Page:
AccidentReport - Running head AIRCRAFT ACCIDENT REPORT...

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Running head: AIRCRAFT ACCIDENT REPORT PROJECTAircraft Accident Report ProjectSFTY 330 Melissa BrownEmbry-Riddle Aeronautical University1
AIRCRAFT ACCIDENT REPORT PROJECTAbstractOn November 7, 2010, Zonk Air Charters’, N517RL, a 1980 PA-31-310, crushed at the Lake Tahoe Airport (KTVL) just south of Runway 18. The aircraft burned after impact. It was a fatal crash, and the pilot and four passengers were killed. After take off, about 5 miles past the end of the runway, the aircraft was seen at a steep left bank with trailing smoke. It hit the top of the communication tower stunning 100 feet tall, and then hit the ground 400 feet from the tower. It finally came to a stop about 150 feet away from where it impacted with the ground. Maintenance records indicated fuel leaks from the right engine, and cracks on the fuel line support brackets. Zonk Air Charters was unstablefinancially, and had many deferred maintenance issues. Managers were complacent aboutgetting repairs done. Probable cause of the accident was lack of corrective maintenance done on the right engine with human error as a contributing factor. 2
AIRCRAFT ACCIDENT REPORT PROJECTAircraft Accident Report Project1.0 Brief History of FlightOn November 7, 2010, Zonk Air Charters’, N517RL, a 1980 PA-31-310, crushed at the Lake Tahoe Airport (KTVL) just south of Runway 18. The aircraft burned after impact. It was a fatal crash, and the pilot and four passengers were killed. The weather was 900 feet overcast and deteriorating with lowering clouds for 2 miles. After take off, about 5 miles past the end of the runway, the aircraft was seen at a steep left bank with trailing smoke. It hit the top of the communication tower stunning 100 feet tall, and then hit the ground 400 feet from the tower. It finally came to a stop about 150 feet away from where it impacted with the ground.1.1 On Scene ActionsSpecific investigative organization and procedures were completed. Investigationsfollow standard National Transportation Safety Board (NTSB) investigation procedures. Field investigation began with preparation. This included initial coordination, investigation equipment, personal survival items, diagramming and plotting equipment, witness interviewing equipment, evidence collection equipment, photographic equipment,report writing then administrative equipment, personal data, and personal items. Initial actions, such as establishing a base of operations, liaison with authorities, and safety rulesalong with arranging security, conducting meetings, taking photographs, and other actions to place. The wreckage was investigated next. Factors such as influence of aircraftvelocity and impact angle, terrain, and land impacts were noted in calculated. Photographs were taken, and diagrams were drawn out based on the information gathered3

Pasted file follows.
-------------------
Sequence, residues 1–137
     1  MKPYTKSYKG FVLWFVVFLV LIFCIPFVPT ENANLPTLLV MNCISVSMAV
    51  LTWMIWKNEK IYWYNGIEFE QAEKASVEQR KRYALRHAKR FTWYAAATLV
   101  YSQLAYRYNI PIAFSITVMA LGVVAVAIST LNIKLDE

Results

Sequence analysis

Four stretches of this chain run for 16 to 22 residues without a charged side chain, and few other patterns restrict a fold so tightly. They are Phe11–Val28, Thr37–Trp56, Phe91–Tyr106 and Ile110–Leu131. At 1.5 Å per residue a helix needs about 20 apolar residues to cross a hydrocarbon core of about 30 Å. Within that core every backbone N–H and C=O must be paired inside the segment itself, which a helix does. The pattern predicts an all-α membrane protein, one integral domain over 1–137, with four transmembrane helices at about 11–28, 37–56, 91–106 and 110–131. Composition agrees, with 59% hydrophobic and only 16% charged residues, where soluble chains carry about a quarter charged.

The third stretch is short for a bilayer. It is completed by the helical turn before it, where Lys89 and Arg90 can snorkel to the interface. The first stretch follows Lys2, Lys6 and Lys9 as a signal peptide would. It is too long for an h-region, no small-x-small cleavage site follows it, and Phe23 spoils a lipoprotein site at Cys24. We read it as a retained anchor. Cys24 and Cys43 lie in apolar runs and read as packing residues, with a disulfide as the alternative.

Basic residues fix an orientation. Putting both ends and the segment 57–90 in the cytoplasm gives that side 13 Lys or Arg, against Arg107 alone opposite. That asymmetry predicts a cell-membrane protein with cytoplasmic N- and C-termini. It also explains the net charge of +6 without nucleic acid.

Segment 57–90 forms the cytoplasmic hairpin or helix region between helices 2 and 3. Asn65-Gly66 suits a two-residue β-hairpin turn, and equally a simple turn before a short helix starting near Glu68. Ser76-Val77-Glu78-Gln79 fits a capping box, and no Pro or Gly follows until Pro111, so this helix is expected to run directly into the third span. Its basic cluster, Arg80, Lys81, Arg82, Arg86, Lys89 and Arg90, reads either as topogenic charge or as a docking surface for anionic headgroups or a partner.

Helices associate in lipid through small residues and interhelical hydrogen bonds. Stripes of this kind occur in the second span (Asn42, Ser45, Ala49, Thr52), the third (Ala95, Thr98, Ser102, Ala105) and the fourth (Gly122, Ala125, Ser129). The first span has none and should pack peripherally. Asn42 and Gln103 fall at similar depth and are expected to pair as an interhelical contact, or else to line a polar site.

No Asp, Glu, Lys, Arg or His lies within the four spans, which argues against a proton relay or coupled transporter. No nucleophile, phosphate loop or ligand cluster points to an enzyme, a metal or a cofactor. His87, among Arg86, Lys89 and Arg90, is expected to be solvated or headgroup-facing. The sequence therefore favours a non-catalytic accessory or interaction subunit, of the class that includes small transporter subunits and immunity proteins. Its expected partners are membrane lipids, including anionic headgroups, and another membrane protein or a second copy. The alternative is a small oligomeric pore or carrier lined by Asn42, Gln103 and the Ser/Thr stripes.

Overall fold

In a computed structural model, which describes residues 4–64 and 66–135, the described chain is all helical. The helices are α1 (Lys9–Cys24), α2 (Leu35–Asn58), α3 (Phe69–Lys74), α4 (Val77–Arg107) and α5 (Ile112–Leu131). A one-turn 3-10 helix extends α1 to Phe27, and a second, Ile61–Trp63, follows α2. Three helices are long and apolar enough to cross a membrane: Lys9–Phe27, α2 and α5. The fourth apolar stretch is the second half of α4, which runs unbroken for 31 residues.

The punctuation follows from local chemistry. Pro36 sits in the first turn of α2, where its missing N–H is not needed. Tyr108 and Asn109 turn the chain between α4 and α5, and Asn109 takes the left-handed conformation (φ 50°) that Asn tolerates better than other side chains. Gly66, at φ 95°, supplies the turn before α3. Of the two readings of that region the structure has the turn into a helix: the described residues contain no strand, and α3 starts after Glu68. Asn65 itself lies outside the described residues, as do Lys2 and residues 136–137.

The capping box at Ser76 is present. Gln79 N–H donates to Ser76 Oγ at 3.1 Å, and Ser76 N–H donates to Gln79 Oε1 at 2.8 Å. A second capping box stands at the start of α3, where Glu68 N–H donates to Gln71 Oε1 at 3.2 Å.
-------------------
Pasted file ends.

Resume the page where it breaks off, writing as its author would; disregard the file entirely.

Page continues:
AIRCRAFT ACCIDENT REPORT PROJECTby the investigation at that point. Fire, structure of the aircraft, engines, aircraft systems, and landing gear were investigated. Aircraft and private records and logs were pools, and witnesses were interviewed.

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